Providing awareness for impaired driving

Amos Johnson
By Amos Johnson January 12, 2018 11:56

Chaouki Hamka speaks to students about the red ribbon campaign at Kennedy Collegiate Secondary School (Photo By Amos Johnson).

By Amos Johnson

Never drive impaired and always plan ahead. Otherwise you are putting everyone else at risk.

Impaired driving is a huge concern for police. While officers are always on the lookout, the public are encouraged to contact police if they suspect anyone of impaired driving.

MADD celebrated the 30th anniversary of the Red Ribbon program to provide awareness of impaired driving for students at Kennedy Collegiate high school. Attending the event were members of the Windsor Police, as well as police from LaSalle and Amherstburg, Allstate Insurance and many other organizations against drinking and driving were also present.

The red ribbon symbolizes a commitment to driving safe and sober. The annual awareness campaign runs from Nov. 1 to Jan. 8.

Chaouki Hamka is the community leader for MADD Canada and is aware of the challenges police face with impaired driving.

“The men and women in uniform are the ones who see the devastating carnage impaired driving causes. They are the ones who pick up the pieces of what’s left. They are the ones who have to deliver the horrific news to the families of the victims,” said Hamka.

“I couldn’t imagine being a police officer, knocking on someone’s door and telling them ‘your son/daughter/grandparent/parent has been killed,’ I couldn’t imagine.”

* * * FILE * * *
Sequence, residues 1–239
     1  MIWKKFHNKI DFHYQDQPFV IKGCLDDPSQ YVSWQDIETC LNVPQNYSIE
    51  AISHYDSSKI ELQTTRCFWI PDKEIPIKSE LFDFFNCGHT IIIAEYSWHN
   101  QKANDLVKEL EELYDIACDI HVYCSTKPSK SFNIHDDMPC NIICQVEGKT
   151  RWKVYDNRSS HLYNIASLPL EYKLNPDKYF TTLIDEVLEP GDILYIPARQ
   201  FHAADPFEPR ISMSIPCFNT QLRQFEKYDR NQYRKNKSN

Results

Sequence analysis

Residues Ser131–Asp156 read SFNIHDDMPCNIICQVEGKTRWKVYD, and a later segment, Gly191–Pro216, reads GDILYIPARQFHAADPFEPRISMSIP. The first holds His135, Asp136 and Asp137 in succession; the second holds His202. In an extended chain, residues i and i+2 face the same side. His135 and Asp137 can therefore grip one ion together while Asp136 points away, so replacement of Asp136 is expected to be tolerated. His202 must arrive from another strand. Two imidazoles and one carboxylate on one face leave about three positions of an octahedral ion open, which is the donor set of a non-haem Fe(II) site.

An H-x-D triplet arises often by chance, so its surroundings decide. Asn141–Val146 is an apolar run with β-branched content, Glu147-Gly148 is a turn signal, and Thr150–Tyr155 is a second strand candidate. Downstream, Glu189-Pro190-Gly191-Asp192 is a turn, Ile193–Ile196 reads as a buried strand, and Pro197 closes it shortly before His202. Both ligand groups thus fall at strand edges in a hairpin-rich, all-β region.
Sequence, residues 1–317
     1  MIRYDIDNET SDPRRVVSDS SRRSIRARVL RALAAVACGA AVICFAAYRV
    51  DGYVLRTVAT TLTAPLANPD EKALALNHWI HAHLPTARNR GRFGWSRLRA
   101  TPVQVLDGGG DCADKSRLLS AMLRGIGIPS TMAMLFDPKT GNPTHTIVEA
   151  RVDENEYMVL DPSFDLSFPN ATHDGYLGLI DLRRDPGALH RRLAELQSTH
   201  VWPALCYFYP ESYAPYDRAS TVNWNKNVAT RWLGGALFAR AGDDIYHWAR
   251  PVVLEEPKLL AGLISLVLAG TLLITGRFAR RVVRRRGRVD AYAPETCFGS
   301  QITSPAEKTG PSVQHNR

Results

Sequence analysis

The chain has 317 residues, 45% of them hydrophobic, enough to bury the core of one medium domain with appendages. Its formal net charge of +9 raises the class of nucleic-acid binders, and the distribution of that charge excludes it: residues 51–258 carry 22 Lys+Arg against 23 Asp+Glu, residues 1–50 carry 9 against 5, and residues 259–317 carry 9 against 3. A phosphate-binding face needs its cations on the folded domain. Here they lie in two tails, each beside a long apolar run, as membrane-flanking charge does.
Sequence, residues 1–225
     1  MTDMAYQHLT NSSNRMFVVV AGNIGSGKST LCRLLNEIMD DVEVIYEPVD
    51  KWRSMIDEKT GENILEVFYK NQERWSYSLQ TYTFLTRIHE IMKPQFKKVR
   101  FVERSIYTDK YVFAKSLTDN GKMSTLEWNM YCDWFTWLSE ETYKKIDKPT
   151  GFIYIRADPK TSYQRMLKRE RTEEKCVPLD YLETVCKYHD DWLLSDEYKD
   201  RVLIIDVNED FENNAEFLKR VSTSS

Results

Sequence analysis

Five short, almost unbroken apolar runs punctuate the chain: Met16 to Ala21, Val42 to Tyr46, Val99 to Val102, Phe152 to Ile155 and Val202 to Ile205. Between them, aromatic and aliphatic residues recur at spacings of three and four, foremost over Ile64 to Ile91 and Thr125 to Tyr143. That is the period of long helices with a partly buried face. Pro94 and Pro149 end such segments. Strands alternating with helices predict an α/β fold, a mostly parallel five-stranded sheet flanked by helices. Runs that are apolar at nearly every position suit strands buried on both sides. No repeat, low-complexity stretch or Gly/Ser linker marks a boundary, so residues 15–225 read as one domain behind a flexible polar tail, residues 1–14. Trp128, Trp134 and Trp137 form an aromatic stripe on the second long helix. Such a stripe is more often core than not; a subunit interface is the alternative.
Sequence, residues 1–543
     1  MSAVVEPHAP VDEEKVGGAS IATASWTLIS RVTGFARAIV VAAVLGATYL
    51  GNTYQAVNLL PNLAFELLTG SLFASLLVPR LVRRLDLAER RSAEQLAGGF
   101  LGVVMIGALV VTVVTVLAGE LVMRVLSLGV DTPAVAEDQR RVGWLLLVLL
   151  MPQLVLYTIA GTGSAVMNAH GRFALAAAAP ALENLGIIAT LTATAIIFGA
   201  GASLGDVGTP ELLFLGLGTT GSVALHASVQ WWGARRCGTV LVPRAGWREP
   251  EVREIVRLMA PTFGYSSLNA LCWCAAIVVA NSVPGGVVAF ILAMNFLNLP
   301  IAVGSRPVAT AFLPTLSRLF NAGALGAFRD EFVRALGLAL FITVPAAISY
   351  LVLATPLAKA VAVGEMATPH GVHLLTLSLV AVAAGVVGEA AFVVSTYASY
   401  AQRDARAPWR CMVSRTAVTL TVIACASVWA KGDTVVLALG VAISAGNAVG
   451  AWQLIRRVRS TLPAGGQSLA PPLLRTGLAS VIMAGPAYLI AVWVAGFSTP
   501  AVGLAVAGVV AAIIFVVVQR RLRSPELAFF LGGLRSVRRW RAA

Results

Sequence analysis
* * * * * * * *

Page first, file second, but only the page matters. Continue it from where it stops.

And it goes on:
According to Statistics Canada, incidents involving impaired driving are more likely to occur on the weekend. In 2015, 25 per cent of incidents occurred on a Saturday with 21 per cent taking place on a Sunday.

Sgt. Steve Betteridge is the public information officer for WPS and is a supporter of the Red Ribbon campaign.

“In this digital age where taxis and other forms of transportation can easily and readily be obtained, there is no excuse for anyone to ever get behind the wheel of a motor vehicle after having consumed too much alcohol,” said Betteridge.

Consequences from impaired driving are given from the judiciary system and may result in the suspension of your driver’s licence, a fine, an education or treatment program and possible jail time.

“A lot of times, it would depend whether it was their first offense, second offense or a criminal record history. As well as the direct charge, you could have simple impaired driving, impaired driving causing bodily harm [or] impaired driving causing death,” said Betteridge.

“Driving is a privilege in our country, it’s not a right. That privilege can be taken away within the law. We all want safe roads in our community.”

Amos Johnson
By Amos Johnson January 12, 2018 11:56

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